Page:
Companies should also be open to discussing equal pay if they haven’t achieved it yet. (It's an ongoing process, after all!) For employees, start the conversation with your manager, a mentor, or HR. As a job seeker, ask the recruiter or someone involved in the interview process.
As you go, try to understand the company’s compensation philosophy and how pay decisions are made. Do they analyze pay equity regularly? Work with outside vendors? If so, how often and what have the results been? These are great questions when discussing company culture, and responses can be revealing.” —Jeff Kaiser, Compensation Program Manager, Expel
“Conversations around pay equity are never easy, but the key to making them easier is coming prepared. Before any compensation conversation, be sure to not only do market research on your own role (know your worth!) but look into local pay equity laws that your employer may have to comply with. Start off by framing why you’re having this conversation, let them know you are interested in learning more about the policies or practices in place to ensure pay equity across the company. That should open the door to a freer flowing conversation surrounding policies they have in place…and if they don’t have policies in place, you can then follow up by asking how they determine the salary ranges for each role. These questions should give you valuable insight into how important pay equity is to your employer.” —Jacqueline Pham, People Strategy Manager, Avail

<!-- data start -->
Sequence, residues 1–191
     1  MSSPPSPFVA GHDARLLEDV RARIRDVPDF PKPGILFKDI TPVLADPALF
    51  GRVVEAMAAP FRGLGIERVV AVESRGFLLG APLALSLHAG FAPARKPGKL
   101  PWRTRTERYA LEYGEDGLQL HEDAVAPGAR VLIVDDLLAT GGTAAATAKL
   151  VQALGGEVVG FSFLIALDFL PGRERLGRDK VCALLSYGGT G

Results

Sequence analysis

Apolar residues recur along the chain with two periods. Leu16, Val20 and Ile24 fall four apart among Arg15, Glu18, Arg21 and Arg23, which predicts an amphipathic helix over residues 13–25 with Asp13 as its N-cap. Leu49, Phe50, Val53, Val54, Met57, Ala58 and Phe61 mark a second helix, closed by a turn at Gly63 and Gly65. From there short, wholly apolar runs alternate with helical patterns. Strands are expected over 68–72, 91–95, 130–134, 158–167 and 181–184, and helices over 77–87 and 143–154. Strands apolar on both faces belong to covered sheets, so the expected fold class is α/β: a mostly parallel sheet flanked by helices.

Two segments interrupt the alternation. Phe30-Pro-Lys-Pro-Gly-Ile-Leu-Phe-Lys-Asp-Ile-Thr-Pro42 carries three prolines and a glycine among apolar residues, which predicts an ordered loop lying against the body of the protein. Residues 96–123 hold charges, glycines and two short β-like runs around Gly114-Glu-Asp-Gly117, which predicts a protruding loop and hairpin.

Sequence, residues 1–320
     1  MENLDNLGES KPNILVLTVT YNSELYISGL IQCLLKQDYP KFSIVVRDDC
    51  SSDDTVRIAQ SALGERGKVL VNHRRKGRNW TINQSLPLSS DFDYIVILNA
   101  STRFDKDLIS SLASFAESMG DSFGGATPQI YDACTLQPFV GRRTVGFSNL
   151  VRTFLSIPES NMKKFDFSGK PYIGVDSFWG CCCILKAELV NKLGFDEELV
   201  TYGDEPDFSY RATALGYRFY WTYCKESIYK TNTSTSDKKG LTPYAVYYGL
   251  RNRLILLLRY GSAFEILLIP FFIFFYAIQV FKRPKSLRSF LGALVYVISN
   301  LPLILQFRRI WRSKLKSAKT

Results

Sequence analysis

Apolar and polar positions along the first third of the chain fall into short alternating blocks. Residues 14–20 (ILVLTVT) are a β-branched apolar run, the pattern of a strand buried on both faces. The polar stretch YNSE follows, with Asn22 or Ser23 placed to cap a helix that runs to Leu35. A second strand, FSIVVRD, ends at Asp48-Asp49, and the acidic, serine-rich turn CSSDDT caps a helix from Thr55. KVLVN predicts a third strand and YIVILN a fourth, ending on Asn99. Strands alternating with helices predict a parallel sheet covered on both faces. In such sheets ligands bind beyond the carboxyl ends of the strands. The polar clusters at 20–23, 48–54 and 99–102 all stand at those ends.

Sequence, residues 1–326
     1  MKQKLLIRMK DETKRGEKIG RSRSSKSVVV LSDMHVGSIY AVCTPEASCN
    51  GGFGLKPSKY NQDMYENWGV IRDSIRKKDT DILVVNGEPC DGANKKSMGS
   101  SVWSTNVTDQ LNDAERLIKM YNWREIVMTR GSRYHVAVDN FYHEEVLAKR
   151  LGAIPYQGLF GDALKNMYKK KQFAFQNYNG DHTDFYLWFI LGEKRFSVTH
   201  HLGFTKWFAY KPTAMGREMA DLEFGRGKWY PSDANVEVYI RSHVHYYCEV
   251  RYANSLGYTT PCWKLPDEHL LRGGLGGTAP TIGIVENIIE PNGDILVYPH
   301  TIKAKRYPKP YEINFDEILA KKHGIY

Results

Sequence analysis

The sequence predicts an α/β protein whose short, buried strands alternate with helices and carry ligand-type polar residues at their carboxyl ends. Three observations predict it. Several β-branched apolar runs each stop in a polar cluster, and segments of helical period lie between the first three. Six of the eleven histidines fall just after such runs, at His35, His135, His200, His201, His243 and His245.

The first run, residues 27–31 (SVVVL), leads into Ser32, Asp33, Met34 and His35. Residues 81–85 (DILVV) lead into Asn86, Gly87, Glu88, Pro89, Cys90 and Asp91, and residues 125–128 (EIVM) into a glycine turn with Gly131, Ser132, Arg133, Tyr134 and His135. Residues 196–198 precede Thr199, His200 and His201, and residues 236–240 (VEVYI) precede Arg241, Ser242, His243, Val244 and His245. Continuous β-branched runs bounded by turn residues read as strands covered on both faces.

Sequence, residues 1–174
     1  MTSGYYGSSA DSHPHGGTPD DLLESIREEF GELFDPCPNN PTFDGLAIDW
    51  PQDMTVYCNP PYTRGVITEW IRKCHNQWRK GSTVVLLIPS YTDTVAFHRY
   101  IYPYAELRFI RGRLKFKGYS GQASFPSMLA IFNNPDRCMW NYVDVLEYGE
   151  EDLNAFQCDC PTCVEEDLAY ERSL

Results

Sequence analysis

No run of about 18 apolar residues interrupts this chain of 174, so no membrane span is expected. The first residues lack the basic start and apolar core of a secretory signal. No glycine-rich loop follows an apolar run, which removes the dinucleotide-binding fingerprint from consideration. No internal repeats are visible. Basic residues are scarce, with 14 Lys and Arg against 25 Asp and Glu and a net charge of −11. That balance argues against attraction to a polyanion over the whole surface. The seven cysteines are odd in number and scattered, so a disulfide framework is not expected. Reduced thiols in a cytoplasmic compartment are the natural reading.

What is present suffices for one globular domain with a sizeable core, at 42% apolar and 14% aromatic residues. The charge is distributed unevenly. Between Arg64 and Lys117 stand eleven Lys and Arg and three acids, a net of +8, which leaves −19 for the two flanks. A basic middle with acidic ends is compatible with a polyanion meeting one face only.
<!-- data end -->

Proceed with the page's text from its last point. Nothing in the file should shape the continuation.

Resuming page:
“Having productive conversations with their manager on a weekly or bi-weekly basis will ensure the manager understands their workload, how they’ve overcome challenges and ultimately why they deserve a raise. It’s important to speak with a tone of confidence, while staying grounded in impact– and ideally data that proves value. When asking for that raise, know your worth, be able to prove your worth and then take your shot. It’s also important to proactively build your bench of supporters. Having someone else to advocate on your behalf can go a long way in showcasing your value. Tap into your network of supporters as references, or if they’re comfortable, ask one or two to send an affirmative note to your manager showcasing your development and growth from their perspective.” —Tracy Stone, Director, Tech Women @ Intuit, Intuit